Table of Contents

International Documents on Corporate Responsibility

International Documents on Corporate Responsibility

Edited by Stephen Tully

International Documents on Corporate Responsibility includes the principal international, regional and national instruments drafted by intergovernmental organisations or states as well as codes of conduct formulated by industry associations, trade unions and non-governmental organisations. The coverage includes the fields of human rights, international criminal and environmental law, labour standards, international trade, armed conflict, sustainable development, corruption, consumer protection and corporate governance. Each document is accompanied by a brief explanatory commentary outlining the historical origins of the instrument, the principal actors involved, controversial negotiation issues, applicable implementation procedure, and identifies further reference material.

Chapter 31: ILO: Convention No 111 (1958) Concerning Discrimination in Respect of Employment and Occupation (entry into formce 1960)

Edited by Stephen Tully

Subjects: law - academic, company and insolvency law, corporate law and governance

Extract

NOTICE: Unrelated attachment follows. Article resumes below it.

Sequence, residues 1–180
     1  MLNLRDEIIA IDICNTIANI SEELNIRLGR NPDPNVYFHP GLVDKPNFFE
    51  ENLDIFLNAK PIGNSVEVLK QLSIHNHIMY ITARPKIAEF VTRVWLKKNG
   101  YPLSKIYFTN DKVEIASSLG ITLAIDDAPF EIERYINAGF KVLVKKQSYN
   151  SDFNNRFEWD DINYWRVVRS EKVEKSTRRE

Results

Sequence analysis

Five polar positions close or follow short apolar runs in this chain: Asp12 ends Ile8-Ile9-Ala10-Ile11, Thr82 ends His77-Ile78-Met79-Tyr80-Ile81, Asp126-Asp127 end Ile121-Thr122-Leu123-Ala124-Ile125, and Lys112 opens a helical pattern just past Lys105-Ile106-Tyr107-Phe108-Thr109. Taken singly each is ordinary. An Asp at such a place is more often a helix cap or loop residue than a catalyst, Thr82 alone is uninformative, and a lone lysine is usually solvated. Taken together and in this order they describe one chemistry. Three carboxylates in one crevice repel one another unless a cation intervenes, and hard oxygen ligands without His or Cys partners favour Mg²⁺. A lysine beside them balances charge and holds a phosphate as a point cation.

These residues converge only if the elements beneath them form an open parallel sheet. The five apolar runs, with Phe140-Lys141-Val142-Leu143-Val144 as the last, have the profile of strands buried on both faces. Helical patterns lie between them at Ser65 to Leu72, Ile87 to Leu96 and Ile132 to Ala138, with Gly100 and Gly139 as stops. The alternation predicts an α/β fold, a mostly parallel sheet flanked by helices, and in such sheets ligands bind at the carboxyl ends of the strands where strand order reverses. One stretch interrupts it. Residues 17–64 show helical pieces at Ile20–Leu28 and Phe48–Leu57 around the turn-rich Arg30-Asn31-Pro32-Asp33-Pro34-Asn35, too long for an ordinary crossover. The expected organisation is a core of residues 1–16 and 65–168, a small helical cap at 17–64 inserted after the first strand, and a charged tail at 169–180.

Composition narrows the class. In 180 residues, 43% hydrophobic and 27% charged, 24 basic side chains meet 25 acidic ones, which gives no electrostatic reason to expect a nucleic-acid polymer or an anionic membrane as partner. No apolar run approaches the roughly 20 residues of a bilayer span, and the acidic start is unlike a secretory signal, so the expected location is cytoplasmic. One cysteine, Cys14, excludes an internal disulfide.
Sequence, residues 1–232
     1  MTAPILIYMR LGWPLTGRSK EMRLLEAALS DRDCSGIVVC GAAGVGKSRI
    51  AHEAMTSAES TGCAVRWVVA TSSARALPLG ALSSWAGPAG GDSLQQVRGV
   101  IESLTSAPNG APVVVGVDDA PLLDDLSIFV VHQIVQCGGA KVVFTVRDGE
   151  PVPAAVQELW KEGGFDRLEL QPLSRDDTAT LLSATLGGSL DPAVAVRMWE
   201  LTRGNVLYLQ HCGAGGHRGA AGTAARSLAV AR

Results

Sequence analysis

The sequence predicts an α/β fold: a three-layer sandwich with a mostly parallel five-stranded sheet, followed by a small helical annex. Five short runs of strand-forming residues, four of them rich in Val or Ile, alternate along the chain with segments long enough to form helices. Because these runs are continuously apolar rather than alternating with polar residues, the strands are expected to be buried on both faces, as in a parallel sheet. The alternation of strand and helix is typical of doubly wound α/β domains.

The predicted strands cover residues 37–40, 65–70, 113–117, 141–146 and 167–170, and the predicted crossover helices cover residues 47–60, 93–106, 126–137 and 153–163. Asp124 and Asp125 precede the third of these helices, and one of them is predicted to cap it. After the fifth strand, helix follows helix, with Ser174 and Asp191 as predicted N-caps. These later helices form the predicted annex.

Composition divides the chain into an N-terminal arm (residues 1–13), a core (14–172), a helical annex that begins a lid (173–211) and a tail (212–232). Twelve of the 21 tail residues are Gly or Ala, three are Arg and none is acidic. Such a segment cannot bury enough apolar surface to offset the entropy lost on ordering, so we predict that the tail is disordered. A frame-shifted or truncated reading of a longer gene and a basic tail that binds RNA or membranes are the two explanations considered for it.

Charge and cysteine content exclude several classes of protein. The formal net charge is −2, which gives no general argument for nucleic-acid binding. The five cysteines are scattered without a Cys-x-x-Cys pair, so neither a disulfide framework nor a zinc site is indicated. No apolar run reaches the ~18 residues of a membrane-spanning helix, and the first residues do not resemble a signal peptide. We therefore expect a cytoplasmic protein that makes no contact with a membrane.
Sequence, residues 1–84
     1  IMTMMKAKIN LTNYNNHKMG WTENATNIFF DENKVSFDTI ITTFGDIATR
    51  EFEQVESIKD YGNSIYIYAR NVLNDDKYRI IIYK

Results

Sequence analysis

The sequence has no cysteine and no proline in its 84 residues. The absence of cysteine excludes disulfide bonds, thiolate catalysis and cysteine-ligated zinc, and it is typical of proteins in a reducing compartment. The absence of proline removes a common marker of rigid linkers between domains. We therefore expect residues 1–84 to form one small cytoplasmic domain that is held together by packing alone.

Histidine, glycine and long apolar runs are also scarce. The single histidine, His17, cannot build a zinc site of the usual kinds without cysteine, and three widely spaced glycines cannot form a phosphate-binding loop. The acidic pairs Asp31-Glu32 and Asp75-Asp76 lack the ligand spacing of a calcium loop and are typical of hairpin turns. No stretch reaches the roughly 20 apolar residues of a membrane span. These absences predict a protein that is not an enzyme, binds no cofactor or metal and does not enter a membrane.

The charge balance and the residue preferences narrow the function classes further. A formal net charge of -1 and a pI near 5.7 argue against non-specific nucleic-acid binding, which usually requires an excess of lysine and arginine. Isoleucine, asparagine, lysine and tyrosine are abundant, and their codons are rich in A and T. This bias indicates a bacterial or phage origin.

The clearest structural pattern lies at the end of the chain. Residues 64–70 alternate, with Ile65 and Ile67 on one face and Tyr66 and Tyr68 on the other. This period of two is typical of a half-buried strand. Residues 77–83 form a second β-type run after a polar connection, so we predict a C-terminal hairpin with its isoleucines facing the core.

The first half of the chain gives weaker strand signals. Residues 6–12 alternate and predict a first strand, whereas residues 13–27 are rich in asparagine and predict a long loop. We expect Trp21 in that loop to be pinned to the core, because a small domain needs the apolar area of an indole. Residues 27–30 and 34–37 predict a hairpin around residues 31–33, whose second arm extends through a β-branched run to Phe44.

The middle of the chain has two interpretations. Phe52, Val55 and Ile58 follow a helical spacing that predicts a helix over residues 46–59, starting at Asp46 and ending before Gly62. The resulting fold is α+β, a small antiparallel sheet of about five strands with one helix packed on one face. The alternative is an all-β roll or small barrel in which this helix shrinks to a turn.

31. ILO: Convention No 111 (1958) Concerning Discrimination in Respect of Employment and Occupation (entry into force 1960) Commentary: See further, Recommendation No 111 (1958) concerning Discrimination (Employment and Occupation). See also, ILO Convention No 122 (1964, entry into force 1966) & Recommendation No 122 (1964) concerning Employment Policy; ILO Convention No 3 (1919) concerning Maternity Protection as revised by Convention No 103 (1952), No 183 (2000, entry into force 2002) and Recommendation No 191 (2000); ILO Convention No 156 (1981, entry into force 1983) & Recommendation No 165 (1981) concerning Equal Opportunities and Equal Treatment for Men and Women Workers (Workers with Family Responsibilities). Article 1 1. For the purpose of this Convention the term discrimination includes: (a) any distinction, exclusion or preference made on the basis of race, colour, sex, religion, political opinion, national extraction or social origin, which has the effect of nullifying or impairing equality of opportunity or treatment in employment or occupation; (b) such other distinction, exclusion or preference which has the effect of nullifying or impairing equality of opportunity or treatment in employment or occupation as may be determined by the Member concerned after consultation with representative employers’ and workers’ organisations, where such exist, and with other appropriate bodies. 2. 3. Any distinction, exclusion or preference in respect of a particular job based on the inherent requirements thereof shall not be deemed to be discrimination. For the purpose of this Convention the terms employment and occupation include access to vocational training, access to employment and to...

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